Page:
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Chapter 1 Book notes

by: Gabrielle Blados

Chapter 1 Book notes Law 3220

Marketplace > Clemson University > Law 3220 > Chapter 1 Book notes
Gabrielle Blados

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About this Document

These notes come directly from the textbook for chapter 1. I will be adding the summary of the cases and the end of chapter questions on the test study guides.
The Legal Environment of Business
John M. Hine
Class Notes
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This 5 page Class Notes was uploaded by Gabrielle Blados on Friday August 26, 2016. The Class Notes belongs to Law 3220 at Clemson University taught by John M. Hine in Fall 2016. Since its upload, it has received 3 views.


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Date Created: 08/26/16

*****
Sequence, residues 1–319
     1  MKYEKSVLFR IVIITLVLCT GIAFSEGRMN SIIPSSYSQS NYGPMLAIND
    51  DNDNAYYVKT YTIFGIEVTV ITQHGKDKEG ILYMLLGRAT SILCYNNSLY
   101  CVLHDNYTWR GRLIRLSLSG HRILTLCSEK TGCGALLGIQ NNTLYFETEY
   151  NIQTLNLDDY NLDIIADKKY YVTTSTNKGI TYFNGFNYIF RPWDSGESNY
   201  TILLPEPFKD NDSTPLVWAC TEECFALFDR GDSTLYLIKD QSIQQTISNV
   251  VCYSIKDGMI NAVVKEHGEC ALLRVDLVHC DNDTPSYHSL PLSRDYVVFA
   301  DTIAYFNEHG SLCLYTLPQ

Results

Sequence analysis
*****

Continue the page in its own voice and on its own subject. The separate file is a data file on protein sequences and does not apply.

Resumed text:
Law 322 Chapter 1 Book Notes Law and the Key Functions of the Legal System • No generally accepted definition of law • Business Law: refers to the rules, standards, and principles defining behavioral boundaries • Law is a collection of rules or principles to direct human behavior • Formal rules—laws • Informal rules—society’s history, customs, commercial practices and ethics • Key roles the Legal System serves in society: 1. Influencing the behavior of the members of a society 2. Resolving disputes within society 3. Maintaining important social values 4. Providing a method for assisting social change Improving Social Stability by Influencing Behavior • Legal system helps define acceptable social behavior • Laws limit activities which could hurt the public interest • Prevent business from being unethical • Laws can require or encourage business that further social or political goals • State laws can conflict with federal laws - Example: Legalization of marijuana in some states • Different societies use law to enforce different social norms Conflict Resolution • Critical function of law • Court system was created to settle disputes formally - Private disputes: between members of society - Public disputes: between individuals and the government Social Stability and Change • Every society is shaped in part by its values and customs • Social attitudes change causing some laws to be amended • The legal system provides a way to bring about changes in “acceptable” behavior Sources of Law in the United States • The US and state constitutions created the three branches of government - All branches have the ability to make laws 1. Legislative—passes statutes 2. Executive—issues regulations under statutes 3. Judicial—create legal presidents through decisions Constitutions • A constitution is the fundamental law of a nation • Establishes and limits the power of government • Doesn’t need to be a written document The US constitution • Oldest written constitution in force in the world • As the highest legal authority the US constitution can override any state or federal laws • Creates the three branches as a framework of the US government • The division of power in government is called the separation of powers - This prevents one branch from becoming too powerful Legislatures and Statutes • Statutes that are created by legislation make up much of the law that significantly affects business behavior Administration Agencies and Regulations • Administration agencies are created by a delegation of legislative power to the executive branch The Judiciary and Common Law • Common law is a law made and applied by judges as they resolve disputes among private parties - Is a major part of the legal environment of business as it is the foundation of agency • The judiciary reviews actions taken by the executive branch and administrative agencies to make sure they comply with the constitution Case Law • A dispute comes to court in the form of a case - A case is a dispute between two or more parties that is resolved through the legal processes • Judges follow the rules of civil procedures in common law cases • Rulings in important cases have been published in books called case reports - These reports are public information • Judges look for guidance by studying previous decisions on similar matters, this is known as precedent • To settle unique or novel disputes judges create new common law • Common law is a state law, so some rulings may be different depending on location Doctrine of Stare Decisis • The use of precedent in deciding current cases is a doctrine called Stare Decisis meaning “to stand on decided cases” - Judges are expected to stand by established rules of law Value of Precedent • Stare decisis has many benefits 1. Consistency in the legal system improves the ability to plan business decisions 2. People become increasingly confident in that the rule will be followed in the resolution of future disputes and order business and personal affairs given the rules of law 3. Creates a legal system that is more just by neutralizing the prejudices of individual judges 4. Judges who act on precedent are less likely to act on bias Changes in Law and Society • An advantage of dispute resolution through the common law is its ability to adapt • As changes occur in technology or in social values the common law evolves - New rules are made to better fit the environment Reporting Court Cases • Reported cases are called “primary source” because they are law • Secondary sources are used by judges when giving decisions in cases • The American Law Institute (ALI) is the leading independent organization in the US to improve the law • Reporters are appointed to contribute to Restatements according to their area of expertise The Executive • Executive orders require agencies to do certain things within the executives scope of authority - Give an order to preference for buying recycled products or to restrict financial transactions by suspected terrorist organizations International Sources of Law • A firm doing business in another country is subject to its laws and is still subject to the laws of its home country Classification of Law • The organization of law can be thought of in several ways, whether it was organized from: - A constitution - A legislative body - The judiciary • Classify the law on the basis of: - Public/private - Civil/criminal - Procedural/substantive • Laws usually fall into more than one classification Public and Private Law • Public law concerns the legal relationship between members of society— businesses/individuals and the government • Private law sets forth rules governing the legal relationships among members of society - Primarily common law - Enforced mainly through state court system Civil and Criminal Law • The legislative body decides whether the law is to be civil or criminal or both • Unless a statute is expressed as criminal it is considered to be civil • Criminal law concerns legal wrongs or crimes committed against the state • A crime is classified as a felony or a misdemeanor - Misdemeanors are generally less serious crimes • If found guilty of a criminal offense you can be fined, imprisoned or both • To be found guilty of a crime the court must find evidence beyond a reasonable doubt • Civil law is concerned with the rights and responsibilities that exist among members of society or between individuals and the government in noncriminal manners • If found liable for a civil law you may be required to pay money damages to the injured party - To be found liable the court must find the preponderance of the evidence favors the injured party - Lower standard of proof than criminal cases Substantive and Procedural Law • Substantive law includes common law and statutory law that define and establish legal rights and regulate behavior • Procedural law determines how substantive law is enforced through the courts by determining: - How a lawsuit begins - What documents need to be filed - Which court can hear the case - How the trial proceeds Business Ethics and Social Responsibility • Surveys indicate the least trusted institutions are: - Law firms - Wall Street - Congress - Big companies - Labor unions - The media • When a firm suffers a scandal the lose of reputation can effect sales and the company can lose value • Trust is crucial in business relationships • Maintaining a reputation for ethical standards is valuable Ethics, Integrity, Morality, and the Law • Ethics has to do with the rules or standards governing the conduct of members of a profession and how standards are put into action • Integrity: living by a moral code and standards of ethics • Morality concerns conformity to rules of correct conduct within the context of a society, religion, or other institution • Bribes are illegal and unethical Perceptions of Ethics and Responses • Corporations that made a special effort to improve corporate ethics by placing more people purported to have a socially conscious perspective on their boards of directors Ethics Codes and Compliance Programs • Ethics codes matter little unless there is a serious effort to ensure compliance within an organization • The existence of an effective corporate compliance program is a key factor in the agency’s decision whether to prosecute an organization or to recommend leniency to a court when a legal problem arises • Compliance programs are internal management tools for helping to avoid legal problems